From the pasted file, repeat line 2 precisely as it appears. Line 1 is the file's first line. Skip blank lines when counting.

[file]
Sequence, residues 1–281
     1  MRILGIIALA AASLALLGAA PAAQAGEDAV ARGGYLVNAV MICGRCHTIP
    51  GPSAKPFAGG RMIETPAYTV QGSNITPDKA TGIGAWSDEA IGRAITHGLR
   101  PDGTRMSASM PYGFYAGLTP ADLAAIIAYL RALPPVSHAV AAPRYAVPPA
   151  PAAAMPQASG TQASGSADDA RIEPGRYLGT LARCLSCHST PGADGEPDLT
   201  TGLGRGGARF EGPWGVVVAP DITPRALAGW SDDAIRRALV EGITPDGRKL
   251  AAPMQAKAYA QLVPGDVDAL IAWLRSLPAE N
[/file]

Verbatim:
     1  MRILGIIALA AASLALLGAA PAAQAGEDAV ARGGYLVNAV MICGRCHTIP